Hedge-to-Arrive Contracts Found To Be Valid “Forward Contracts”

April 29, 2010 | Erin Herbold


All grain contracts should contain several key elements, including specification of the quality of the grain to be delivered, the date for delivery, location for delivery, the price or formula to be used in determining the price, price adjustments if a producer is unable to meet the quality specified, the quantity of grain being contracted, and, of course, the signatures of the parties and date of signing. Farmers often utilize cash-forward grain contract – contracts for future delivery at a specified time of a crop to be grown at a contract-specified price.  A variation of a cash-forward grain contract is a hege-to-arrive (HTA) contract.  It’s basically a cash-forward contract with the delivery date left open.  The farmer has the ability to roll the delivery date into the future.  But, eventually the buyer will “call” the contract and delivery will be required. When that happens, problems arise if the farmer no longer has grain to deliver.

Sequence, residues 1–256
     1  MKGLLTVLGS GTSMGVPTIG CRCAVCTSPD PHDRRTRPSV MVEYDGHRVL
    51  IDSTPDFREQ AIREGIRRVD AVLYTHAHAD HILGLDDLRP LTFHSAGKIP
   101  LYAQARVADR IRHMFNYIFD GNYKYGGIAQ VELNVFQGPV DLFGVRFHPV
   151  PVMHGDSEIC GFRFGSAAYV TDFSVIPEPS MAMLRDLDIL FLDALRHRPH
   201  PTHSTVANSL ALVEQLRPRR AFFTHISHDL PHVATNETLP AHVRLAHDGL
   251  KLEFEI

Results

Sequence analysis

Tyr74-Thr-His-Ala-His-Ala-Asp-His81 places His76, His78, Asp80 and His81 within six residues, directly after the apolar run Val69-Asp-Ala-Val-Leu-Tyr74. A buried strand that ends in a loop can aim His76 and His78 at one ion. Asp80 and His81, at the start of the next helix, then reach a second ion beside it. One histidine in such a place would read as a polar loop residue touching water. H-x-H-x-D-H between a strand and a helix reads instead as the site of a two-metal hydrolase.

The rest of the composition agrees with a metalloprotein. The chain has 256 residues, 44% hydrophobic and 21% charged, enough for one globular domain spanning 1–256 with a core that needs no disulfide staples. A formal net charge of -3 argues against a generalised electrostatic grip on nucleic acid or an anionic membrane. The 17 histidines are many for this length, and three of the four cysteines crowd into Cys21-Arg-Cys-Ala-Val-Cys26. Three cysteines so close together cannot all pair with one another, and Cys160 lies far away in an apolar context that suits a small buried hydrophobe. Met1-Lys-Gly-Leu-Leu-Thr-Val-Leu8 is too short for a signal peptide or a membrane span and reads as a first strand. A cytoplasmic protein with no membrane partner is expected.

HTAs were problematic in the late 1990s and early 2000s, and this case points out that the issues associated with HTAs are not completely gone.

Here, a farmer entered into four HTA’s by way of a “purchase contract” with a cooperative. The HTA’s included the types and quantities of grain that the farmer would deliver, moisture percentages, and the prices that the cooperative would pay. All four of the HTA’s stated prices using the Chicago Board of Trade crop terminology. The first HTA contract was for 6000 bushels of wheat at $3.45/bushel. The second HTA contract called for 20,000 bushels of “yellow corn” at $2.58/bushel and the third HTA contract called for 50,000 bushels of “yellow corn” at $2.93/bushel. The fourth contract was for 30,000 bushels of “yellow corn” at $3.3375/bushel.